Raul Ramirez and dozens of other children on Saturday claimed Loma Verde Park as their own.
“It’s ours now--the kids’,” declared Raul, 7, who joined about 70 other volunteers who spent the day raking leaves and painting over graffiti on Loma Verde’s basketball court.
The children were at the park courtesy of El Campo, one of the city’s largest street gangs. Its members finally decided it was time to clean up the place and return their territory to the neighborhood so kids could safely play there.
One of El Campo’s leaders, Bernardo Gamez, 24, led the effort, which began more than two months ago when gang members painted a block wall alongside the park, covering up their own graffiti.
Friday evening, Gamez and a community activist, Reynaldo Moreno, scrubbed the basketball court with soap and water, preparing it for Saturday’s work. But later that night, Gamez was arrested for allegedly violating his parole from an assault conviction, police said.
Because Gamez was unexpectedly jailed, Moreno said, no other gang members, except one, showed up Saturday.
Police suspect Gamez of buying a firearm, said Rosalva Gamez, his sister. Her eyes filled with tears as she watched the volunteers clean Loma Verde Park the way her brother envisioned.
“My brother was just beginning to turn his life around,” she said. “He really wanted this park to be safe for the children to play in. But even though he got arrested, I hope other gang members realize that they can get more out of helping the community than hurting themselves.”
Police praised the effort to clean up the park and they were glad to see that a gang had taken the initiative to do something for the city. Said Sgt. Kevin Raisch: “It’s great to see any kid involved in a gang do something to better the community.”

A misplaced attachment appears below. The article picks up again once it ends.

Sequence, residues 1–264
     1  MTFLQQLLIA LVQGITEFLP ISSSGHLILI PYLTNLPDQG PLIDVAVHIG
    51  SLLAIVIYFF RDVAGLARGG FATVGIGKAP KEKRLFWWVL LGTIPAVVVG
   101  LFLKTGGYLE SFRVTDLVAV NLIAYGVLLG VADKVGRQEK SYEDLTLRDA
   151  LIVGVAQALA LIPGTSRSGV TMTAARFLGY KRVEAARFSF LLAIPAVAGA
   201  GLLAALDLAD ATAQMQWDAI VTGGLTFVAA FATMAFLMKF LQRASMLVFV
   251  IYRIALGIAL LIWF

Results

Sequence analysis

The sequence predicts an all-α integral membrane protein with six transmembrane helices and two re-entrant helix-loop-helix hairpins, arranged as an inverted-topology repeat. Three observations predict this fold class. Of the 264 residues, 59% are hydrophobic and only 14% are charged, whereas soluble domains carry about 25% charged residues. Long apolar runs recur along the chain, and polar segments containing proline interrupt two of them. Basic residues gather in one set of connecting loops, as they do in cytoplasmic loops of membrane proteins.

Moreno has worked with gangs for nine years, helping them clean up their neighborhoods and encouraging them to get jobs or stay in school. He said Saturday that Loma Verde has always been dominated by gang members. This makes it difficult for the public to use it.
“People have always been scared to come here because of all the graffiti,” Moreno said. “It looked like trash. . . . Gangs cleaning up their own mess is a step toward living in harmony and peace.”
Jaime Naranjo, 16, the lone self-proclaimed gang member who showed up Saturday, said he did so because the graffiti he has plastered all over the park did not look good.
“It looks real bad actually,” Naranjo said, a paint roller in his hand. “Now that it’s getting covered up, we’re going to try not to mark this park any more.”
Parents and youths also praised El Campo for wanting to help the community.
“It’s a good idea to give the park to the kids,” said Maria Concho, who lives behind the park but never lets her children play there because of its reputation. Her 12-year-old daughter, Norma, added: “It’s good to know the gangbangers want to clean this place because they’re the ones who messed it up.”
Moreno, his wife, Ida, and community activist Rose Espinoza helped El Campo organize the event. They provided hot dogs and chips for lunch after the volunteers spent about four hours completing their chores.
“This is what it’s all about,” Moreno said. “This park is meant for kids to have a good time. Maybe what happened today is a sign that . . . the kids are taking over.”